Summer reading list for locavores, home cooks, and foodies of all types

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CC BY 2.0 Mattia Merlo

If you’ve got any extra time to catch up on reading this summer, here is a list of food-related titles to entertain and educate you. This list is far from comprehensive and does not attempt to include the fundamental classics of the local food movement. It’s mostly just good books that I’ve enjoyed immensely (or heard great things about) in recent months. Links to purchase online are located in the titles. We’d love to hear any of your suggestions in the comments below!

1. “Cooked: A Natural History of Transformation” by Michael Pollan

Pollan’s latest work is a fascinating foray into what he sees as the four traditional ‘food transformations’ that correspond to the four elements. These are barbecuing, baking, braising, and fermenting. The book is a call to action in the kitchen, with the firm belief that cooking from scratch can save our health and the environment.

Read TreeHugger review here

2. “Outside the Box: Why Our Children Need Food, not Food Products” by Jeannie Marshall

As a parent of two small children, I can relate to Marshall’s insistence on the importance of teaching kids how to eat a broad range of fresh, unprocessed foods. Pickiness is more than just an annoyance; it can be destructive to a child’s health, contributes to the loss of local food culture, and renders a child unable to appreciate good taste. Like Pollan, Marshall believes that all hope lies in the kitchen. (NB: In the U.S., this book is called "The Lost Art of Feeding Kids.")

Read TreeHugger review here

3. “Eating Animals” by Jonathan Safran Foer

This book made a big impression on me. Foer embarks on a quest to understand the implications of eating animals, and what it means to kill certain animals – but not others – for human consumption. While he is a vegetarian, the book doesn’t feel skewed in that direction; Foer simply asks meat eaters to understand the implications of their food choices, from the way factory farming works, how chickens and cattle are slaughtered, and pigs are bred, to the contrasting idyllic family-run farms where heirloom breeds of poultry and grass-fed cattle are raised.

Read TreeHugger review here

4. “The Art of Simple Food II” by Alice Waters

Waters’ newest book came out last October and is a natural extension to her first, extremely popular book, “The Art of Simple Food.” This one focuses on the vegetable garden, and the importance of fresh, local, seasonal ingredients. It’s arranged in alphabetical order, with truly simple and delicious recipes accompanying each vegetable. (I can’t get enough of her Eggplant Parmesan or kimchi!)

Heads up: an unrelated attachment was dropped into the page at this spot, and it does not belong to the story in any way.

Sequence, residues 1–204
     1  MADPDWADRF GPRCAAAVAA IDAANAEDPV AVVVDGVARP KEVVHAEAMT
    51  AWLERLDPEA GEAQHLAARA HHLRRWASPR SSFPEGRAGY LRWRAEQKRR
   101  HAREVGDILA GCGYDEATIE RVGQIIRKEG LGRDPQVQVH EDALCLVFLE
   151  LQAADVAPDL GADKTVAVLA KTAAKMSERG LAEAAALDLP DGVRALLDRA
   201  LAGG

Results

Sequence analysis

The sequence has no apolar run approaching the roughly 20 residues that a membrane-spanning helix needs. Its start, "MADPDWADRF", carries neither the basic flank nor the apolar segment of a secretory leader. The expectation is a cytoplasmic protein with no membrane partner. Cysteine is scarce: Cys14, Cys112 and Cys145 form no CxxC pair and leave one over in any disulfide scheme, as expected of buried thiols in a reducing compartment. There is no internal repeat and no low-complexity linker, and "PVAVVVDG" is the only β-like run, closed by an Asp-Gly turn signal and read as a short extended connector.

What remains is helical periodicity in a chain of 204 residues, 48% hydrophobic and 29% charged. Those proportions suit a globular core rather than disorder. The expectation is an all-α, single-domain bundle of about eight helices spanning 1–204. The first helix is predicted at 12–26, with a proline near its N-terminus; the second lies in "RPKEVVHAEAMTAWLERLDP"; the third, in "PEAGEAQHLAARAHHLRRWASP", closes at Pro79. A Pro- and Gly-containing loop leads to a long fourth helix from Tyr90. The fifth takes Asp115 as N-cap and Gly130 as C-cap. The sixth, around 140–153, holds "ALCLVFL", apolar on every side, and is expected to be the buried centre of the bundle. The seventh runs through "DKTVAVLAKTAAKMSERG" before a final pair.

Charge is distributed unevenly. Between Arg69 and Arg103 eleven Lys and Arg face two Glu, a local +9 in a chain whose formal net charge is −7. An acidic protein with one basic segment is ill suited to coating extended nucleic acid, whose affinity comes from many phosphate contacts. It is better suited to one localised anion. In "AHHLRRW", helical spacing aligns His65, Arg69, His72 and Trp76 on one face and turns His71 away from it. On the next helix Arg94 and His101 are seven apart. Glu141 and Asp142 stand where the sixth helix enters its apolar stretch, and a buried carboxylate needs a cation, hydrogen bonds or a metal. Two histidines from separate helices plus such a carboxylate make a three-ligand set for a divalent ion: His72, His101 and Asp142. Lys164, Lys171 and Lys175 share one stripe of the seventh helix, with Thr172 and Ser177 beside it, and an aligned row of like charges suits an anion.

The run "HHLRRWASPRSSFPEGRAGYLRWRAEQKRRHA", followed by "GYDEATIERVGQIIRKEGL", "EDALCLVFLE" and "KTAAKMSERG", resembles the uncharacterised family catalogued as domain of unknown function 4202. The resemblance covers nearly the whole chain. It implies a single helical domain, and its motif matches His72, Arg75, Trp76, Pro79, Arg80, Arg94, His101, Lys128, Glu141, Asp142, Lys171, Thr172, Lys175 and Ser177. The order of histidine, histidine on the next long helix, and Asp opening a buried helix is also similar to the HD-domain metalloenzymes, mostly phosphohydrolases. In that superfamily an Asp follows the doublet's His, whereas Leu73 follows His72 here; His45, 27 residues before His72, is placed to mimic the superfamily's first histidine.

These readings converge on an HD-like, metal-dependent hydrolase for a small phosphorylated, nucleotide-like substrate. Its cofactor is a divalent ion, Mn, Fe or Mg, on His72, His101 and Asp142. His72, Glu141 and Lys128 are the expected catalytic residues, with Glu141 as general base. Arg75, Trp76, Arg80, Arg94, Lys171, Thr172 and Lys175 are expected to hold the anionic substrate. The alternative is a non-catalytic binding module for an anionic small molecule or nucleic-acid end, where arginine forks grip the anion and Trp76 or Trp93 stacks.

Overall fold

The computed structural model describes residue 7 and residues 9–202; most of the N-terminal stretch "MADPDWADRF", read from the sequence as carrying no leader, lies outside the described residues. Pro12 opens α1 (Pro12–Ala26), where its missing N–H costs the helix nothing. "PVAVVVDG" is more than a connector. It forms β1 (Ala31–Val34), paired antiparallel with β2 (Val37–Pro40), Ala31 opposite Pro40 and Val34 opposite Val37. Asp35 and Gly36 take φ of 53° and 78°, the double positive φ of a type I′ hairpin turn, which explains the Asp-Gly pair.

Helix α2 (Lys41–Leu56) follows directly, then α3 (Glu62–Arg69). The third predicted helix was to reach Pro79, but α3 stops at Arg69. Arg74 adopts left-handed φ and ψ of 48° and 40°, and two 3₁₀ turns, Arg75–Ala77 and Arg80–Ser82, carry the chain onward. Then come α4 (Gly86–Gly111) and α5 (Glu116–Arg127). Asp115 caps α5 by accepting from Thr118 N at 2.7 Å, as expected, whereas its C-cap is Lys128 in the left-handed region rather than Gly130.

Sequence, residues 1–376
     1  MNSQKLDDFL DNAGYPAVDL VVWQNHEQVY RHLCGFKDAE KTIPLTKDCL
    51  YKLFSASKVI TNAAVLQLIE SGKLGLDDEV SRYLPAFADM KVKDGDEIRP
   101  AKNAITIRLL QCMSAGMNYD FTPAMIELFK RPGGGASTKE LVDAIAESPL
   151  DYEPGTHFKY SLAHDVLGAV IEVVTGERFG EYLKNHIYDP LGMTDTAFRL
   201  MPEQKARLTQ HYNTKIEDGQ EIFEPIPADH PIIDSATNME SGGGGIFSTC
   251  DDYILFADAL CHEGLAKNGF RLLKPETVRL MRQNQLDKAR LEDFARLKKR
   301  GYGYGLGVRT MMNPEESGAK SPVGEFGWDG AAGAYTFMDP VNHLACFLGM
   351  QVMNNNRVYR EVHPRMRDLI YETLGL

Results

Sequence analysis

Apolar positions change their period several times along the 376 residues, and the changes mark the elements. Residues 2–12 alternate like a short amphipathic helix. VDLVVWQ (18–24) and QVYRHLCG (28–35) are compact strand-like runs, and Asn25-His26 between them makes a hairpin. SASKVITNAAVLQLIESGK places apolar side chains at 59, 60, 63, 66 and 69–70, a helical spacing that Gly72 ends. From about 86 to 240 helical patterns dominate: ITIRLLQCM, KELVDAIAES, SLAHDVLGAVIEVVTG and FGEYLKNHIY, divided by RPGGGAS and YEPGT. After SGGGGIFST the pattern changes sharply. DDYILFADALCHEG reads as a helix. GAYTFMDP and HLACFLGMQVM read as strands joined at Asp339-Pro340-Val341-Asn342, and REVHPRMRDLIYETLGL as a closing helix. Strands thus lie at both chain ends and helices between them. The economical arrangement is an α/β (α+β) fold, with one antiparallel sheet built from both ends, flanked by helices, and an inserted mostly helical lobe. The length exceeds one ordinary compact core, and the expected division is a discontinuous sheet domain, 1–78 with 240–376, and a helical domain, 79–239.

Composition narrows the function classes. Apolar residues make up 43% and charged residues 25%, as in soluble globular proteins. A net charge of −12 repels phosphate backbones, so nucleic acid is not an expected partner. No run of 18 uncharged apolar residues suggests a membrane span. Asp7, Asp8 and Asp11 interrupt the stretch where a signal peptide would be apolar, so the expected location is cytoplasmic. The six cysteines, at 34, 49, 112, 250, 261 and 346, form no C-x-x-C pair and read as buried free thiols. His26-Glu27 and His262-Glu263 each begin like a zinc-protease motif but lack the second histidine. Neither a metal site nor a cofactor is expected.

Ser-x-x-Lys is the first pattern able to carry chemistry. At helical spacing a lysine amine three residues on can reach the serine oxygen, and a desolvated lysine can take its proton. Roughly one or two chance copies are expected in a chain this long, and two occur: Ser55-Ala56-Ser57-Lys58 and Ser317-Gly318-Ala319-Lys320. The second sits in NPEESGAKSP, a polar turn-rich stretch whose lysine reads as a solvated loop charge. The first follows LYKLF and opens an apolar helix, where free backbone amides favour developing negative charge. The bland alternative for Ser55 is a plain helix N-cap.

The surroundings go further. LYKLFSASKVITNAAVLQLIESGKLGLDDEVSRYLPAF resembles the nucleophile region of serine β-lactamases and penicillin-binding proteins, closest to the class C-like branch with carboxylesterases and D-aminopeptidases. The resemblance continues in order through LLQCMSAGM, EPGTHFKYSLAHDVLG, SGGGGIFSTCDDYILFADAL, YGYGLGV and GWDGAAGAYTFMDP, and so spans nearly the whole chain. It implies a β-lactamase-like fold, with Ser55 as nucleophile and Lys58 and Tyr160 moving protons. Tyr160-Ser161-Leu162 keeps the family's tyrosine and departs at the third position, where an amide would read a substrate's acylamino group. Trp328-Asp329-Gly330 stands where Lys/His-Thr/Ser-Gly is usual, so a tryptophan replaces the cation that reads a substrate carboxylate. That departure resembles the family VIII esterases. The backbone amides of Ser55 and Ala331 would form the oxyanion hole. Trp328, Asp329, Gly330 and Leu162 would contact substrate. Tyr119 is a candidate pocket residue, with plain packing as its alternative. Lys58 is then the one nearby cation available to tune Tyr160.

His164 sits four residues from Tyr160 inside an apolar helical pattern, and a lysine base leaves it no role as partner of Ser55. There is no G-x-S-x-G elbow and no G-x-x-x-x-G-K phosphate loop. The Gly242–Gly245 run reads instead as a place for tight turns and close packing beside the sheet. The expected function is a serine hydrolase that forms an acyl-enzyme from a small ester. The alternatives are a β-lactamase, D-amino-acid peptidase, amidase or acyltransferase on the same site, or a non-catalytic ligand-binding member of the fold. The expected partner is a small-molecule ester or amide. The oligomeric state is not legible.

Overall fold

5. “Animal, Vegetable, Miracle: A Year of Food Life” by Barbara Kingsolver

Although this book isn’t new (it came out in 2007), it will always be relevant and inspiring – a book that I think everyone should read. Part memoir, part journalistic investigation, Kingsolver and her family settle on a farm in rural Virginia to see if they can become completely self-sufficient in food for one year. They grow a huge garden, can their produce like crazy, raise temperamental meat birds, and battle overzealous zucchini plants. Unsurprisingly, Kingsolver makes a strong case for the importance of the kitchen and cooking food from scratch. (Anyone see a theme here?)

Read TreeHugger review here

6. “American Catch: The Fight for our Local Seafood” by Paul Greenberg

The U.S. is a big seafood producer, and yet it exports most of it, while importing cheap, farm-raised seafood from Asia to feed its own citizens. In his latest book, Greenberg points out how absurd this situation is, and how Americans need to reclaim their own seafood. The book focuses on three species that represent the past, present, and future battles facing domestic seafood production: Eastern oysters, Louisiana brown shrimp, and Alaskan sockeye salmon.

TreeHugger review coming soon!

7. “How to Be Vegan” by Elizabeth Castoria

This new book is a sort of “Vegan 101” crash course, explaining how to tackle the daunting task of eliminating animal products from one’s diet and life. It includes 50 recipes, infographics, and practical advice on items that extend beyond food: beauty products, clothes, décor, and social graces – basically, how to be a vegan “without feeling awkward or pissing off all your friends.”

Read TreeHugger review here

8. “Consumed: Food for a Finite Planet” by Sarah Elton

In her latest book, Elton travels the world to learn about a huge, yet largely unnoticed, global social movement of finding new ways to feed people that will be resilient to shockwaves created by climate change. We live in an increasingly turbulent world, and food security is a question raised in everyone’s minds. Elton offers a positive and hopeful account of how small communities are slowly and methodically dismantling Big Ag’s domination of our food chain.

Tags: Book Reviews | Books | Food Miles | Food Security | Local Food

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